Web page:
Style.com

July 29 2014

styledotcom The looks that should have walked the #ComicCon red carpet: stylem.ag/1AuceTS pic.twitter.com/e9zyEVRRzQ

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Shop the Look: Fringe Factor

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Fringe Fashion

Ever since Karl Lagerfeld sent models down a Dallas runway in miles of fringe, cowboy boots, and blanket-striped ponchos for Chanel’s Métiers d’Arts show, there’s been a collective shift toward Western style. But you don’t have to live in Texas or own a Palomino to pull it off. Fashion houses like Valentino and Saint Laurent are giving fringe a chic, citified appeal. In earthy hues like ecru, black, and burnt sienna, fringe is perfect for the workweek ahead and your weekend trip upstate—it’s as easy as swapping your pumps for desert boots. Shop our favorite fringe pieces by J.Crew, Tamara Mellon, and more, below.

1. Tamara Mellon fringed suede pencil skirt, $895, available at net-a-porter.com

2. Samuji ecru white rooibos crop top, $400, available at avenue32.com

3. J.Crew chain tassel earrings, $58, available at jcrew.com

4. Saint Laurent fringe small bucket bag, $2,150, available at barneys.com

5. Valentino C-Rockee fringed leather sandals, $1,095, available at mytheresa.com

Photos: Courtesy Photos

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The Looks That Should Have Walked the Comic-Con Red Carpet

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Stella McCartneyOne doesn’t typically associate the fashion industry with comic book culture, and yet every year our favorite celebs hit Comic-Con wearing the best of the new collections. Considering the laid-back, youthful setting, we anticipated that the likes of Cate Blanchett, Kristen Stewart, Salma Hayek, and more red-carpet regulars would step out in bright, fun-to-wear ensembles that matched the atmosphere. In reality, we saw lots of dark colors, ladylike shift dresses, and sensible heels. Where’s the fun in that? The Fall ’14 runways and Resort ’15 collections were literally bursting at the seams with pieces that were practically made for Comic-Con, like Rodarte’s C-3PO gown, Neil Barrett’s lightning-bolt bomber jacket, and Stella McCartney’s Resort ’15 superhero-inspired wares complete with clutches that double as masks. To us, it was a no-brainer…or so we thought. Here, a slideshow of all the graphic prints, cartoon motifs, and bold colors we would have loved to have seen at the convention.

Photo: Stella McCartney 

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At Colorado’s Pot-Themed Wedding, Everybody Raised a Grass

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weed bouquetSomething old, something new, something borrowed, something…green? That was the case for newly wedded (newly weeded?) Colorado couple Lauren Meisels and Bradley Melshenker, who supplemented their nuptials with what they “love the best”: cannabis. According to The New York Times, not only was the bridal bouquet made of marijuana leaves, but the groomsmen accented their tuxes with boutonnieres filled with the couple’s favorite plant. While this budding trend might be a slow burn, some dank additions to Spring ’15′s wedding gowns would definitely make bridal week a little more chill.

Photo: Morgan Rachel Levy for The New York Times 

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Editor Obsessions: Moschino’s Irreverent Tee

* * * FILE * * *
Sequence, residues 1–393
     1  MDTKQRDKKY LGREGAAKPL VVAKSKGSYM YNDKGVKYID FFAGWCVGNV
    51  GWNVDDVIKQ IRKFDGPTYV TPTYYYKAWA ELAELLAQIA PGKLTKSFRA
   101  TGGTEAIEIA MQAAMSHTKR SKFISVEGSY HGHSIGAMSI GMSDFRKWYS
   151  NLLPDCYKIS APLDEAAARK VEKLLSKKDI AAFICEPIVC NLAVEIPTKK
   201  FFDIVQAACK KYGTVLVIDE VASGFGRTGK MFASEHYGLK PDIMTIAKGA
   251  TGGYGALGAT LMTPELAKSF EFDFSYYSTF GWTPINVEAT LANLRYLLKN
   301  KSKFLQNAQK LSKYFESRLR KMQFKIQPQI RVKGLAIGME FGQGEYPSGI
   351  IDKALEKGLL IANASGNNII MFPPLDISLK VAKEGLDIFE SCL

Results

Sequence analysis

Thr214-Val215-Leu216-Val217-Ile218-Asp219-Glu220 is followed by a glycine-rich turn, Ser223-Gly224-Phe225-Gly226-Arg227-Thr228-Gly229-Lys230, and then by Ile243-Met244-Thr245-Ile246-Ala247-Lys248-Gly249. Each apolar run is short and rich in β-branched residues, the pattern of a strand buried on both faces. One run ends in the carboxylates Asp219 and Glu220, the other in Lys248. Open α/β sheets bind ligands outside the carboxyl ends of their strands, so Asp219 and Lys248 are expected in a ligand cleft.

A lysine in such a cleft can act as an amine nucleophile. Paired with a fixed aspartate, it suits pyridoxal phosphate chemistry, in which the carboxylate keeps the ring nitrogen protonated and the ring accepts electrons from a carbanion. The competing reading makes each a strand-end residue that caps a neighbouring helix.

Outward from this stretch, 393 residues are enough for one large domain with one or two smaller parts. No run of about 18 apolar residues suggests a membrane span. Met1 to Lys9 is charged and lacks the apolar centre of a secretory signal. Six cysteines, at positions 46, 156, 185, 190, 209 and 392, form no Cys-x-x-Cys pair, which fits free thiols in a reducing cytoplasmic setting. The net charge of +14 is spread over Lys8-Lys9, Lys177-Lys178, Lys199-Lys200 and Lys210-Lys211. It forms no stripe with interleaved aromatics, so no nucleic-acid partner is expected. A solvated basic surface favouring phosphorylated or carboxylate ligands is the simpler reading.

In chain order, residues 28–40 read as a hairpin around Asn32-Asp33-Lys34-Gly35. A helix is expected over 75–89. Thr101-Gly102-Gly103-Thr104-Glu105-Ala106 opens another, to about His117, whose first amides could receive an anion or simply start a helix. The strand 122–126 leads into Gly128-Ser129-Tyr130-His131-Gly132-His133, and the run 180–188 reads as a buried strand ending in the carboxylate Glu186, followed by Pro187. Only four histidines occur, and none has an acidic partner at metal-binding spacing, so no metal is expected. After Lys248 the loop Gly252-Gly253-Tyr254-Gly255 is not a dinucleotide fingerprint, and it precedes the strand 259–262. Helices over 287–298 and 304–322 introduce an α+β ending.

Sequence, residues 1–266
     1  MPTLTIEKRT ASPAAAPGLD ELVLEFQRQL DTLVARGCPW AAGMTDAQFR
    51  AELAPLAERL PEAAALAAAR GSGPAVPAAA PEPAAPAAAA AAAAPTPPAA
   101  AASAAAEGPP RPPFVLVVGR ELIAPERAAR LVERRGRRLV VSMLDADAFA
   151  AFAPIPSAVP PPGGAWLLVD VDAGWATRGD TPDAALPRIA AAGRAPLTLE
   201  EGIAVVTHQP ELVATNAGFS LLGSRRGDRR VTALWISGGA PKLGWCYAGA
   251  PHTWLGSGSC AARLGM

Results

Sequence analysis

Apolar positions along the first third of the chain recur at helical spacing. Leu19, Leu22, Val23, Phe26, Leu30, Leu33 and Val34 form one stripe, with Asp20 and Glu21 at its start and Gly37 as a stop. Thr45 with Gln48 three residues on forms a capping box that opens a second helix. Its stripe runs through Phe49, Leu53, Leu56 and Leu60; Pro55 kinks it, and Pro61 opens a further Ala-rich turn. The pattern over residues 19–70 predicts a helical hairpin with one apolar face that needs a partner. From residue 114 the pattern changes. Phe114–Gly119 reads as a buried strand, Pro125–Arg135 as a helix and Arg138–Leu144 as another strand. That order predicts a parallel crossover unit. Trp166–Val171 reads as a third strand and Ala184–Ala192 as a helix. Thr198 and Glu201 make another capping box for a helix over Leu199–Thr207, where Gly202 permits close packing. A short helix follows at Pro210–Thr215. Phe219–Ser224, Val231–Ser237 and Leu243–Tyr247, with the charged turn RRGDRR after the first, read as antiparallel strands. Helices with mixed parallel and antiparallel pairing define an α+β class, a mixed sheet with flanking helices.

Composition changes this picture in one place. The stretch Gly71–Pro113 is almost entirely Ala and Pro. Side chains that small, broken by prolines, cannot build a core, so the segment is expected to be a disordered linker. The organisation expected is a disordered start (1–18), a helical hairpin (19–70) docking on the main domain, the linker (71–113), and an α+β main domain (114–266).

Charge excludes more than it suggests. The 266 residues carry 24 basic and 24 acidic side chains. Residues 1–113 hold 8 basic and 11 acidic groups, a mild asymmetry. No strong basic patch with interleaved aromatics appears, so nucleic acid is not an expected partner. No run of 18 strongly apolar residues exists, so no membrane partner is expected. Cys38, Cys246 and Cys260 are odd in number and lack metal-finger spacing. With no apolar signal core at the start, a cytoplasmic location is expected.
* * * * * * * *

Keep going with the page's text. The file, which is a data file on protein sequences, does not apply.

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Every day, Style.com’s editors reveal their current obsessions—and where to buy them. Check out today’s pick, below.

Moschino TeeWhen Jeremy Scott made his Moschino debut in February, he wore this shirt. For that reason alone, I am shocked that the tee is still available. I love how Scott throws consumer culture in everyone’s face—and this shirt, as well as his Fall collection, does just that. Sure, $265 is a pretty penny for a glorified cut of cotton, but at least you get the label name in an obnoxiously large font. If only it were available in black…

Moschino slogan T-shirt, $265, Buy it now

Photo: Courtesy Photo

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Dressing for Fame: Versace, J.Lo, RiRi Gone Rogue, and More Career Tidbits from Stylists Mariel Haenn and Rob Zangardi

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If celebrity status is conferred in red-carpet appearances, then no actress today can compete without the help of just the right stylist. As Kerry Washington once told Glamour after she noticeably upped the sartorial ante, “There were a couple of actresses whom I felt were having the upper hand careerwise—because they knew how to work that red carpet.” A carefully crafted collaboration between stylist and client, the perfect look can create an indelible impact on agents, casting directors, and those of us watching from the sidelines. Straight from the epicenter of all things celebrity, we’ve asked some of the industry’s top stylists to share their experiences and impressions from their perch above Tinseltown. With our Dressing for Fame series, we bring you an exclusive, insider look at everything it takes to create those iconic moments captured by a million photo flashes.

Rob Zangardi and Mariel Haenn

Rob Zangardi and Mariel Haenn

It takes quite the fashion force to dress J.Lo for the stage, Rachel McAdams for the Cannes red carpet, and Pharrell for his many (sartorially daring) public outings, but the powerhouse styling duo of Mariel Haenn and Rob Zangardi have proved they’re nothing if not up to the task. Whether they’re commissioning original pieces to bring an idea to life, going back to their roots on music video sets, or forging relationships with up-and-coming talent, their scene-stealing tastes draw a uniquely diverse client mix that includes the abovementioned stars and beyond. Here, the duo talks exclusively to Style.com about going rogue with RiRi (they worked with the songstress for four years), being equal-opportunity stylists, and why women are more complex to style than men.

How did you both begin styling?
Rob Zangardi: I grew up in Columbus, Ohio, and graduated with a fashion merchandising degree from Ohio University. After college, my twin brother was working in NYC as a casting director, casting the audience for the VH1 Vogue Fashion Awards. He knew I would love it, so I stood in the pit to watch the show and ended up meeting a stylist who worked at MTV. I had no idea what a stylist was until then, but it sounded like my dream job. Because of her, I ended up getting hired at MTV to help with their New Year’s Eve show, which turned into a full-time job—right place, right time. And the rest is history.